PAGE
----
The journey of getting Pregnant After 40 and having a baby in general is such an incredible time for most women. Regardless of whether this is your first pregnancy or your seventh, there are so many things to be excited about as you progress through your pregnancy and begin your countdown to delivery.
All we can think about is bringing our beautiful babies home after we deliver. With all that anticipation, we don’t think about what happens to us and our bodies immediately after birth – and people don’t volunteer that information either. So, for those of you that want to know or get a refresher about what you likely will experience after birth, here you go!
1) Cramping Contractions
Immediately after you deliver your baby, the contractions are not over – and they likely won’t be for another couple of weeks. Between your uterus shrinking from the size of a soccer ball back to the size of a tennis ball and nursing, you feel like you’re in active labor again except they don’t give you an epidural for this pain. While ultimately your uterus shrinking is a good thing as it gets you closer back to your pre-pregnancy body, it definitely hurts getting there.
Additionally, the more children you have, the more intense the contractions are when you breastfeed your baby. With my first 2 children I didn’t experience contractions while breastfeeding, but with my last one I was almost in tears from the breastfeeding contractions that I encountered shortly after I delivered my son in the hospital. Don’t worry though, the breastfeeding contractions will usually subside within a week postpartum, although general uterus shrinking contractions can last up until your uterus reaches its pre-pregnancy size, usually by 6 weeks postpartum.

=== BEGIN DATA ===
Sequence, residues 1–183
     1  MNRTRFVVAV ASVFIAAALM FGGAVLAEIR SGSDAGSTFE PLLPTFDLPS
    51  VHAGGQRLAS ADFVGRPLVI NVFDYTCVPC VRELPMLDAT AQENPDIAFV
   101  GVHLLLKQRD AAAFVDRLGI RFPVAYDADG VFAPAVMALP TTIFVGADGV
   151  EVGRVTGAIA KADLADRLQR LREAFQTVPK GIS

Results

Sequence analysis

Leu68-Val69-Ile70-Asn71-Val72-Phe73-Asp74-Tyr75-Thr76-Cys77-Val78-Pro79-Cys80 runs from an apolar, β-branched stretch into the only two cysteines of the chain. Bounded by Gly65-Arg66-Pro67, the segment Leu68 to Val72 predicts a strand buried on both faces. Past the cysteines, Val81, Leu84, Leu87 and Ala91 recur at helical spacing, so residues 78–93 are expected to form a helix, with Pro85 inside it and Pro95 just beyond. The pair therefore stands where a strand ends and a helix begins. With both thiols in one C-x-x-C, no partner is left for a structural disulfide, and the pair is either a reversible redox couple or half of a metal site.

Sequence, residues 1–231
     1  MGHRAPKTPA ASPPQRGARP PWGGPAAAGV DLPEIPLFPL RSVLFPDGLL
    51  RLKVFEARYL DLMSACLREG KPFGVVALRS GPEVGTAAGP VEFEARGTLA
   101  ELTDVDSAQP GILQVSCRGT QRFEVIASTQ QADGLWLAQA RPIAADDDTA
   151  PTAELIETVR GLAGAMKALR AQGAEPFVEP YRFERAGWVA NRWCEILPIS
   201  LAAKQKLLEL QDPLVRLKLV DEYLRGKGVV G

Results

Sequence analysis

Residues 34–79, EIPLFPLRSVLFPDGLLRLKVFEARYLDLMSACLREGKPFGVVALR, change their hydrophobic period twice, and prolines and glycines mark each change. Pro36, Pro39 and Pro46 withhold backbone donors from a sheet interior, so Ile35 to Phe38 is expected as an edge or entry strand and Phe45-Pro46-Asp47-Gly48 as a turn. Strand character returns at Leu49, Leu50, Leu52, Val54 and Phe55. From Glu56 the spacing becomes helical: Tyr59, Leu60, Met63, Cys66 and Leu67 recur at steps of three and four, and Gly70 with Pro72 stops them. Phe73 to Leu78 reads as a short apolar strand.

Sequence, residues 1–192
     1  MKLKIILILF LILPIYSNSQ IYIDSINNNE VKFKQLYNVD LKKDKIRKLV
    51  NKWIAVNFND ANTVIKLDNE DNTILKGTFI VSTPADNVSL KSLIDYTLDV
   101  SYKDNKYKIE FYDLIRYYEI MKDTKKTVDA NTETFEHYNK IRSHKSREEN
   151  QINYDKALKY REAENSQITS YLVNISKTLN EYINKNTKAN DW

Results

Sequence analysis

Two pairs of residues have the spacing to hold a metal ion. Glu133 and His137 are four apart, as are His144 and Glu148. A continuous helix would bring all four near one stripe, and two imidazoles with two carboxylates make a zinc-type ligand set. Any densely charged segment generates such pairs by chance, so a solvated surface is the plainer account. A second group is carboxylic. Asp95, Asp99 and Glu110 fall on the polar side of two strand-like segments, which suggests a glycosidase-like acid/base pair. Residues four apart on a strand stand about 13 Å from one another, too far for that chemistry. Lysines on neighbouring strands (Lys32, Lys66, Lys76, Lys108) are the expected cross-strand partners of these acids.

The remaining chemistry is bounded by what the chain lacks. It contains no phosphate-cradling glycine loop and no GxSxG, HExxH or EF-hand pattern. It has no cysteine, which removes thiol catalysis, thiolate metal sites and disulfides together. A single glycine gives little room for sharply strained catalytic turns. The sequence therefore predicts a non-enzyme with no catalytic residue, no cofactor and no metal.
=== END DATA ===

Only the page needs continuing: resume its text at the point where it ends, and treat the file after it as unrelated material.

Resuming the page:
When I had my first son in 2018, the nurse asked if I wanted a prescription for pain upon discharge, and I told her no because I was feeling pretty good, despite having just delivered the day before. What the nurse didn’t make abundantly clear to me though was the fact that I still had some residual pain relief from the epidural and they were giving me pain meds every 4-6 hours while at the hospital. After going home later that day and waking up the next morning, I felt like an 18 wheeler slammed into my body, especially my pelvis, overnight because all the pain medication that I had been given in the hospital had run its course. That, in addition to cramping, I was miserable. So obviously, when I had my second son in 2020, I readily accepted the offer for a high dose of Ibuprofen, which I consistently took for the first 4 days and then a couple of times as needed after that.
My Suggestion:Take the prescription pain medication!!! Maybe you won’t need it, but if you do, you’ll thank me later.